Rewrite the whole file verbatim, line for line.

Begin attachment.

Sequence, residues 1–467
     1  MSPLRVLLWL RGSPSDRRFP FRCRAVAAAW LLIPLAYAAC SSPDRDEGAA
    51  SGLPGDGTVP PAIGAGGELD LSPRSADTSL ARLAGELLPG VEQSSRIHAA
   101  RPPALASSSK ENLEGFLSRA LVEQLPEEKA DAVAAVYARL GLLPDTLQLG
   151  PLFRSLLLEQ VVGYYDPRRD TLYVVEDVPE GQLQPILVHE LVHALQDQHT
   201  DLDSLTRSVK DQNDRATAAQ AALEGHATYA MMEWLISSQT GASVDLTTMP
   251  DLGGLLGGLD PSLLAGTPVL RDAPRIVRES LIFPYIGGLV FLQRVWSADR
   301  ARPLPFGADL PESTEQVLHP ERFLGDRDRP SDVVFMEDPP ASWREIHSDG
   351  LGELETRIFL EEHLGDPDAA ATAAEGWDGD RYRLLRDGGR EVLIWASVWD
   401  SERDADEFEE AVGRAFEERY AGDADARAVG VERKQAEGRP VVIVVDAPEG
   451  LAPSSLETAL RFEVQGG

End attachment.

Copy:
Sequence, residues 1–467
     1  MSPLRVLLWL RGSPSDRRFP FRCRAVAAAW LLIPLAYAAC SSPDRDEGAA
    51  SGLPGDGTVP PAIGAGGELD LSPRSADTSL ARLAGELLPG VEQSSRIHAA
   101  RPPALASSSK ENLEGFLSRA LVEQLPEEKA DAVAAVYARL GLLPDTLQLG
   151  PLFRSLLLEQ VVGYYDPRRD TLYVVEDVPE GQLQPILVHE LVHALQDQHT
   201  DLDSLTRSVK DQNDRATAAQ AALEGHATYA MMEWLISSQT GASVDLTTMP
   251  DLGGLLGGLD PSLLAGTPVL RDAPRIVRES LIFPYIGGLV FLQRVWSADR
   301  ARPLPFGADL PESTEQVLHP ERFLGDRDRP SDVVFMEDPP ASWREIHSDG
   351  LGELETRIFL EEHLGDPDAA ATAAEGWDGD RYRLLRDGGR EVLIWASVWD
   401  SERDADEFEE AVGRAFEERY AGDADARAVG VERKQAEGRP VVIVVDAPEG
   451  LAPSSLETAL RFEVQGG